• Unless you’re at Cal State Fullerton, I don’t think it’s worth making real specific plans. But it’s worth putting down some initial sketches:
      • How will you meet freshmen?
      • If things open for a month or two, can you bring your leaders together for an on-site retreat/conference/short summer mission?
      • What will we do if campus opens up then has to shut again in October because of a new outbreak?
        • Practical suggestion- make sure any deposits for Fall Retreat, meeting spaces, Winter Conference are refundable.
      • Even if students ARE on campus, what if we can’t have meetings > 10 people?
      • Andy Crouch is recommending pastors ask “how we will accomplish our mission if no gatherings of >100 are allowed for at least a year.” This would rule out most Fall Retreats and all Winter Conferences.
      • Even if we can have large meetings, should we?
        • This is a question we will need to ask for the next 2 years. The perception from the community/public could be “that large Christian gatherings are putting public health at risk.” We might need to be prepared to
          1. only have small groups or
          2. be ready for the massively bad PR
        • Religious events composed a good number of the “superspreading events” (SSEs) scientists are tracking. “When do COVID-19 SSEs happen? Based on the list I’ve assembled, the short answer is: Wherever and whenever people are up in each other’s faces, laughing, shouting, cheering, sobbing, singing, greeting, and praying…[They all] involved the same type of behaviour: extended, close-range, face-to-face conversation—typically in crowded, socially animated spaces.” That sounds a bit like college ministry.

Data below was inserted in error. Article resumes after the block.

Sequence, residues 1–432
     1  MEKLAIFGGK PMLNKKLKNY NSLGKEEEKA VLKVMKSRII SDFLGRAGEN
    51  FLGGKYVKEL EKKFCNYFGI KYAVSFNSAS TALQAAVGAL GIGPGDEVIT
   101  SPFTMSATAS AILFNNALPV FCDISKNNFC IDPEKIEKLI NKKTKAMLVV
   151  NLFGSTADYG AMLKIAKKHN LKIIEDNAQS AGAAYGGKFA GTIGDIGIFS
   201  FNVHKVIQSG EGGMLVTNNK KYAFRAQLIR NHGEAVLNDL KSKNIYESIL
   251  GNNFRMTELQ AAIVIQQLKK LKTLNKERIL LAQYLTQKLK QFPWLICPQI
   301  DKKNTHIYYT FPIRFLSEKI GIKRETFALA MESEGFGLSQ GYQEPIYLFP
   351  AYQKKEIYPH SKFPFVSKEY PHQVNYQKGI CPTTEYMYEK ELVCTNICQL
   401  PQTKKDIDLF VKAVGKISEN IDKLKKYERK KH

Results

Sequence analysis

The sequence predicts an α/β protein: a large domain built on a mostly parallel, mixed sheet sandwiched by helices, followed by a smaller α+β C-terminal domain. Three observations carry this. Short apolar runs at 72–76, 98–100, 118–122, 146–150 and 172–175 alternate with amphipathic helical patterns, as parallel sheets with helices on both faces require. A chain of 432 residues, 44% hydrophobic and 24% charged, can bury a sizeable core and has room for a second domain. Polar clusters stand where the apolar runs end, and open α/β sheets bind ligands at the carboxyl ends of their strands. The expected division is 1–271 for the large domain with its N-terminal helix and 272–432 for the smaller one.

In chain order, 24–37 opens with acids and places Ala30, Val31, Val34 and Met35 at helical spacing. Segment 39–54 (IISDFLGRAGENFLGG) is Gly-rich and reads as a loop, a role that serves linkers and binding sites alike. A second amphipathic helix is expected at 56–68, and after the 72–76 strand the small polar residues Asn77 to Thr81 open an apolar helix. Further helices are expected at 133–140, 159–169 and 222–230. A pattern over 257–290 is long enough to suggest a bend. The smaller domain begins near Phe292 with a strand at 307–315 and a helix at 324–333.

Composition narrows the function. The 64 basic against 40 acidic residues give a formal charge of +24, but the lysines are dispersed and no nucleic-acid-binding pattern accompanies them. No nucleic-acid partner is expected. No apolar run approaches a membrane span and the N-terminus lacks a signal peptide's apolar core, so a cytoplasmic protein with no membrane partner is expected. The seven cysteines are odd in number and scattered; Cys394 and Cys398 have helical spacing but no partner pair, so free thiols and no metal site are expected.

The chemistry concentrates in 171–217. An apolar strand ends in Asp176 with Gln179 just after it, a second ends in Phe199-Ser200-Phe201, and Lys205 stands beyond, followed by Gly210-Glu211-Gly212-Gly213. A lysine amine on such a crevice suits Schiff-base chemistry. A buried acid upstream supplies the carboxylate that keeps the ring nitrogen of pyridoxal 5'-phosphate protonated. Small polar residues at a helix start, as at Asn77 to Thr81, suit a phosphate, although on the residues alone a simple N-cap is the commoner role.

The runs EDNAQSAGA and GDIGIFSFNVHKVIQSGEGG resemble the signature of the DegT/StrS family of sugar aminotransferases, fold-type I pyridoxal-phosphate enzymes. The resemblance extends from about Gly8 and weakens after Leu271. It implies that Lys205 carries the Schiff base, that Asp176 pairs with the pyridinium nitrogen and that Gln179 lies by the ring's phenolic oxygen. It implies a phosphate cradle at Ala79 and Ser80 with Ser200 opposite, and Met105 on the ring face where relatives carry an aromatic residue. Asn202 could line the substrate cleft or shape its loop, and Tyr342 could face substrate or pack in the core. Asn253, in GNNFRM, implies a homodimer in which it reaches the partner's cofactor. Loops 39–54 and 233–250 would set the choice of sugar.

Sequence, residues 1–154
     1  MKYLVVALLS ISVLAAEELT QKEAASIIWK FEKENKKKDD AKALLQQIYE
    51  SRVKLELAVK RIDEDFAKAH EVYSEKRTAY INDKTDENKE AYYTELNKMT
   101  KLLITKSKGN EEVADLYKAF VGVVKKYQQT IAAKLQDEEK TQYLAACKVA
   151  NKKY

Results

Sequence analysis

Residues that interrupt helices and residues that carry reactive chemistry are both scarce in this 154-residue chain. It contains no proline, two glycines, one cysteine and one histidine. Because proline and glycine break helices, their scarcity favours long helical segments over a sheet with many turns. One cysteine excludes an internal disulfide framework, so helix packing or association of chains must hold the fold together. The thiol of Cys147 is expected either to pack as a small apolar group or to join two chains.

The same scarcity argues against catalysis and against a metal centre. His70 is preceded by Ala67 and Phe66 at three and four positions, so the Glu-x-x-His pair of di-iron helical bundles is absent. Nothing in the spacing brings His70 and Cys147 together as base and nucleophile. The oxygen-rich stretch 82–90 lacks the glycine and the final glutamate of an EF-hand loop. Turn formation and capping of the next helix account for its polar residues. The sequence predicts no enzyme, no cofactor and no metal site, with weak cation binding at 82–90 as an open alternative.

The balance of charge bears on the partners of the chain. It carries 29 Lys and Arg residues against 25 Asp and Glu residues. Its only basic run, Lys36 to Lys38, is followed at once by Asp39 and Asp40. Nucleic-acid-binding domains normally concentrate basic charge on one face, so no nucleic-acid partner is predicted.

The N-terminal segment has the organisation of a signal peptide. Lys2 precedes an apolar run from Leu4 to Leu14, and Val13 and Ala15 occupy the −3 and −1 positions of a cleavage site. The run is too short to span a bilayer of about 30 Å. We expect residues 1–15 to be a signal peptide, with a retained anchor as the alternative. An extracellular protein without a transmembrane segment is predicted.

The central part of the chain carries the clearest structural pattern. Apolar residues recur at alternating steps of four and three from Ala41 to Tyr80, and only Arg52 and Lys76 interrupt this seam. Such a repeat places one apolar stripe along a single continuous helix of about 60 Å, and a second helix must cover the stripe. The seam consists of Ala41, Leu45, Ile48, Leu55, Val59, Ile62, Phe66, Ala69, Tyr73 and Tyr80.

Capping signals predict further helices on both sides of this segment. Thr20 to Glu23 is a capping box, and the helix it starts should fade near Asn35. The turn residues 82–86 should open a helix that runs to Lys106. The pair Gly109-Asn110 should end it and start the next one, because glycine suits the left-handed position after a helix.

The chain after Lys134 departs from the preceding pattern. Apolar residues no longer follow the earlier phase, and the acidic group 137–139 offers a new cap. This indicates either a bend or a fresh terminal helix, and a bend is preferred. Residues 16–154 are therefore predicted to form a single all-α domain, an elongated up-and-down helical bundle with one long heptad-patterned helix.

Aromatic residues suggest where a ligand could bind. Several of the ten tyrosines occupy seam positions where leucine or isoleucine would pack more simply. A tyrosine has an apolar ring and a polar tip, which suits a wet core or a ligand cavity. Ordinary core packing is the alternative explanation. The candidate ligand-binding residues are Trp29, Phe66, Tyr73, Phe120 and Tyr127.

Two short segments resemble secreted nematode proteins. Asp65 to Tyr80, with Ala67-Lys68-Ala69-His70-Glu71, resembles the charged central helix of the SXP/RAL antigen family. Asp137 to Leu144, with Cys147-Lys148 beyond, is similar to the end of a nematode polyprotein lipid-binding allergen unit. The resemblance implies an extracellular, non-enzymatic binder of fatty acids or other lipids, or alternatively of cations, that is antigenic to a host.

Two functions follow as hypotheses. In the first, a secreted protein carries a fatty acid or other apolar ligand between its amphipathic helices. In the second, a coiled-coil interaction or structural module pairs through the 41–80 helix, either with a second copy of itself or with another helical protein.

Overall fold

• The Aspen Group has a free pdf for churches of additional questions to think through post-quarantine ministry that might be helpful for staff planning. A couple of them:
        • What new ways of doing ministry that we adopted during the pandemic should carry over into the future of our church?
        • How will social distancing practices change the way people gather and interact within our building [weekly meeting]?
  • Stay Informed – a few resources to stay informed (so you can make educated decisions):
    • The Chronicle of Higher Ed has a constantly updating siteLive Updates: Latest News on Coronavirus and Higher Education
    • Follow Jeff Selingo and Lindsay Ellis on Twitter – daily updates from experts on coronavirus related decisions in Higher Ed.
    • Follow Andy Crouch on Twitter – he’s consistently been the most wise Christian voice re leading in the pandemic
    • Subscribe to the Chronicle of Higher Education – this is what college presidents and Deans are reading every morning as they make policy decisions. In this time of uncertainty, it’s probably worth the $119 annual subscription.
  • Trust God
    • This global pandemic reminds us that we don’t control much. The primary way we express our trust in God is prayer. We can make contingency plans, stay up to date, and pray.
    • “Oh, the depth of the riches and wisdom and knowledge of God! How unsearchable are his judgments and how inscrutable his ways!” (Rom. 11:33)
    • Paul says that as worship. And we can too.
    • I love this from John Piper in his (free!) book Coronavirus and Christ:
      • “We may think the coronavirus outbreak is a setback for world missions. I doubt it. God’s ways often include apparent setbacks that result in great advances.
      • Even pandemics will serve to complete the Great Commission.”

What is your team doing re planning for contingencies?

Originally published on

Tim has been on staff with Cru for 22 years and leads the Cru movement at the University of Arkansas. He and his wife, Mandy, have 5 kids. Tim is a passionate fan of books, indie music, college football, and homemade cookie dough.vTim loves discovering new ideas and sharing strategies that work. He can talk all day about college ministry strategy and mobilizing laborers to the world.